Risk factors for invasive aspergillosis in haematologic malignancy patients in a tertiary teaching hospital in Korea

H.J. Yoon, Y.S. Park, Y.K. Kim, M.S. Kim, S.Y. Shin, Y-A. Kim, Y.H. Kim, J.W. Cheong, J.Y. Choi, Y.G. Song, J.M. Kim

Author address: 

Seoul, KR


Introduction: Invasive aspergillosis (IA) is an important cause of morbidity and mortality in patients with haematologic malignancies (HM). The changes in the population at risk for IA due to intensified and new treatment strategies require a continuous re-evaluation of risk factors for IA. We conducted a retrospective case control study at a tertiary teaching hospital in order to identify risk factors for IA among patients with HM during the hospital construction period. Methods: In this study, we evaluated the risks among 41 case patients who developed proven, probable, or possible IA according to standardized definitions in HM patients between July 2000 and May 2005. Control patients with no signs and symptoms of IA were matched for the time and place. The clinical data analysed included demographic characteristics; Charlson comorbidity score at the time of diagnosis of IA, the type of haematologic neoplasm risk factors for IA present at or within 1 month before the diagnosis of infection and previous antifungal use within 3 months of diagnosis of infection. Risk factors associated with IA were identified in a multivariable Cox regression model. Results: In total, 41 IA cases (eight proven, ten probable, 23 possible), and 170 controls were analysed. Forty-three patients (20.4%) had AML, 27 (12.8%) had ALL, 85 (40.3%) had lymphoma, 33 (15.6%) had myeloma, 7 (3.3%) had myelodysplastic syndrome, and 18 (8.5%) had other disease. Anatomic sites of infection included lungs (n = 31), sinus or nose (n = 6), skin (n = 2), spine (n = 1), and skeletal muscle (n = 1). Variables that increased the risk for IA included duration of hospitalization (HR, 1.022; 95% CI, 1.002- 1.042; p, 0.031), AML (HR, 0.031; 95% CI, 0.001-0.762; p, 0.033), malnutrition (HR, 4.812; 95% CI, 1.309- 17.689; p, 0.018), and high iron level (HR, 1.001; 95% CI, 1.000-1.001; p, 0.017). Twenty patients died (48.8%) among IA and death was attributed to IA. Conclusion: Results of risk factor analysis indicated that important variables predictive of IA included longer duration of hospitalization, non-AML, malnutrition, and high iron level. These results contribute to the further characterization of patients groups at high risk of IA and may help to target costly prophylactic measures against IA.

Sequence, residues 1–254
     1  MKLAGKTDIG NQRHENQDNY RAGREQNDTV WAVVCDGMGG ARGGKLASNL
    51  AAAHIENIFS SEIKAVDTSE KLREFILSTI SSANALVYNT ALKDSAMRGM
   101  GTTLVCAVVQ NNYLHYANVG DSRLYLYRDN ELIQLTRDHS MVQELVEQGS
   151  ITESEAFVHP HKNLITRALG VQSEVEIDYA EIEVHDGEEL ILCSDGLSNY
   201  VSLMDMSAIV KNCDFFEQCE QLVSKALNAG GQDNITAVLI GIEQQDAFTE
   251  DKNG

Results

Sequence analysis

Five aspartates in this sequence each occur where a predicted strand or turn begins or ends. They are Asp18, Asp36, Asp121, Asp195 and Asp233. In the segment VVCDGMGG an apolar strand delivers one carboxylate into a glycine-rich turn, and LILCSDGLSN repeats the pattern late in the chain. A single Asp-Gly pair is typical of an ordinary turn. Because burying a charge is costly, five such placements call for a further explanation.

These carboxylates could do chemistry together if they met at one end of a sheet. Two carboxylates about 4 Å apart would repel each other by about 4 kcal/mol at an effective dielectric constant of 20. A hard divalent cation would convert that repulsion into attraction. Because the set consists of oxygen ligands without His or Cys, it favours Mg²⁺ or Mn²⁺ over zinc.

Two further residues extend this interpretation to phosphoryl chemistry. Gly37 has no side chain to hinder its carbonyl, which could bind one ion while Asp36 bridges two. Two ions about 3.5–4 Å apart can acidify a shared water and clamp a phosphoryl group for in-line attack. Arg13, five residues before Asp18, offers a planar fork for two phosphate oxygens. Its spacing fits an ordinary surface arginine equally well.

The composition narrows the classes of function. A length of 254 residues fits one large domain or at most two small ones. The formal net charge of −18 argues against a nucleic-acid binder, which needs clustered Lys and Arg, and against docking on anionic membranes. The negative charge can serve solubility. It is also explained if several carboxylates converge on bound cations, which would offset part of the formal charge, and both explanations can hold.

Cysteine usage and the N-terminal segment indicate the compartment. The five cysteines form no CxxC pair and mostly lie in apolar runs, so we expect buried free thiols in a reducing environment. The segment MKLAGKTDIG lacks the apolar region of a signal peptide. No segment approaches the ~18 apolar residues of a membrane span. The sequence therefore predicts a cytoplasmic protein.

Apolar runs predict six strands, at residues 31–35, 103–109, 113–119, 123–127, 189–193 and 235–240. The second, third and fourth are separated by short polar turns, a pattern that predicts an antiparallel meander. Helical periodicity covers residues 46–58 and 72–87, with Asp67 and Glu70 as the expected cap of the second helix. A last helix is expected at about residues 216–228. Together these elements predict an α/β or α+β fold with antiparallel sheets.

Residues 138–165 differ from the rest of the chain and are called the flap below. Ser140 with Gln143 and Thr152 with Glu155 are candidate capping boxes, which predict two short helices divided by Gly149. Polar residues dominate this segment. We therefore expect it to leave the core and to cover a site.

abstract No: 


Full conference title: 

16th European Congress of Clinical Microbiology and Infectious Diseases
    • ECCMID 16th (2006)